Autonomous plows ahead Agriculture, construction, mining-even marine-are advancing autonomous technology to improve the productivity and safety of vehicles on the job. Expediting engine design Simulation tools drive development of the most complex, fuel- efficient and powerful engines ever seen in off-highway applications. Industry 4.0: The smart factory arrives The plants that produce vehicles and their high-tech systems are increasingly employing intelligent systems, Big Data and advanced analytics to improve quality, safety and efficiency. The future is not so far-off Enhanced Cat 3500 engine boosts power 20%, trims fuel usage by 10% Phase 2 GHG rules driver for advanced technology, alternative fuels Eaton demonstrates waste heat recovery, variable valve actuation for HD diesels Hyliion develops add-on hybrid system for semi-trailers that reduces fuel consumption by 30% Tech-heavy Iveco Z Truck concept spawns 29 patents EPA's Grundler talks Phase 2 regs
Transportation departments are under-going a dramatic transformation, shifting from organizations focused primarily on building roads to a focus on mobility for all users. The transformation is the result of rapidly advancing autonomous vehicle technology and personal telecommunication technology. These technologies provide the opportunity to dramatically improve safety, mobility, and economic opportunity for society and industry. Future generations of engineers and other transportation professionals have the opportunity to be part of that societal change. This paper will focus on the technologies state DOT’s and the private sector are researching, developing, and deploying to promote the future of mobility and improved efficiency for commercial trucking through advancements in truck platooning, self-driving long-haul trucking, and automated last mile distribution networks.
HMIs extend beyond the cab Telematics functions are being integrated into multi-function user interfaces. Standards step forward in design of off-highway electronics Functional safety standards are starting to impact many development projects, while the auto industry's AUTOSAR standard is being deployed to help enable software reuse and simplify designs. Leveraging automotive lightweighting techniques to improve off-highway emissions Where systems engineers can gain efficiencies in off-highway equipment is agnostic, they'll take it anywhere, and so they should, but one of the ways, often underestimated, is through the use of strong and lightweight advanced materials. Waste heat recovery for the long haul A WHR system based on an organic Rankine cycle has been developed for a long-haul Iveco Stralis truck.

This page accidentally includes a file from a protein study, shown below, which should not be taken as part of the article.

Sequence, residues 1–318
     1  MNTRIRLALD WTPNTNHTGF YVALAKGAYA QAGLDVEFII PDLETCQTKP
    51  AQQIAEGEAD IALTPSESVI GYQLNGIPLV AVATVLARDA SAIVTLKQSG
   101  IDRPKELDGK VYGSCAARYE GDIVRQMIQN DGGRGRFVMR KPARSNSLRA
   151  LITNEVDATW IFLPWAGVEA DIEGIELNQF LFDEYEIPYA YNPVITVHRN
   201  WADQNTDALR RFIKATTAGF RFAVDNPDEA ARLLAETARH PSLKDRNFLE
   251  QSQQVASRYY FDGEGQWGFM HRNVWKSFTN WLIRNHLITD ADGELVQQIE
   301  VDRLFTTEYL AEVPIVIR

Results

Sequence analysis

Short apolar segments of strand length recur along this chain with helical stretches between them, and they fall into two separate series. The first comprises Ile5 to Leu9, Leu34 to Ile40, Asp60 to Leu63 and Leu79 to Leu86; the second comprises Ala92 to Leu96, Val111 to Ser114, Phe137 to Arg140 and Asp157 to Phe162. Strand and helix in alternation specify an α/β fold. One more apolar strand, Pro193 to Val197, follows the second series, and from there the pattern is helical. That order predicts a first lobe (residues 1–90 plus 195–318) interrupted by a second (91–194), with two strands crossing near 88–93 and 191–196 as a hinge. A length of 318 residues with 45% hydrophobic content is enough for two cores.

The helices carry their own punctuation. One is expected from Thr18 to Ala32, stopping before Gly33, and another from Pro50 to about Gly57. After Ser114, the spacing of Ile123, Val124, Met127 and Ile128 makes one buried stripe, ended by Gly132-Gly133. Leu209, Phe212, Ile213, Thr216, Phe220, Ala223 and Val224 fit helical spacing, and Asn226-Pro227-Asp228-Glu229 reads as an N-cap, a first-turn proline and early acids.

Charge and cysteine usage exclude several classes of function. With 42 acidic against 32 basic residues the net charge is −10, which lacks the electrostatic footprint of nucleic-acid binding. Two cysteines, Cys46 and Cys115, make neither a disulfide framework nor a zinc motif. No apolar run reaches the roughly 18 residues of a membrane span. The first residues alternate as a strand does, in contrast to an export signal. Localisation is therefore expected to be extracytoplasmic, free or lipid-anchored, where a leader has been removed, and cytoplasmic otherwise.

The advent of stop-start technology As environmental concerns grow for R&D teams, OEMs look to bring the strategy further into the mainstream. Recycling opportunities for hybrid/electric vehicle lithium-ion batteries With limited reserves and strict environmental regulations, re-cyclers look to established extraction means to reuse, recycle, and dispose of the used batteries. Cameras look to go the distance Automakers seek vision systems with greater distances, improved reliability, and more functionality, thanks to ruggedized complementary metal-oxide semiconductor technologies. Getting right with composites With composites now a mainstay in most new aircraft de-signs, the engineering emphasis has switched from understanding if they work to thinking through the most efficient way to manufacture them, such as using design-for-manufacturing software.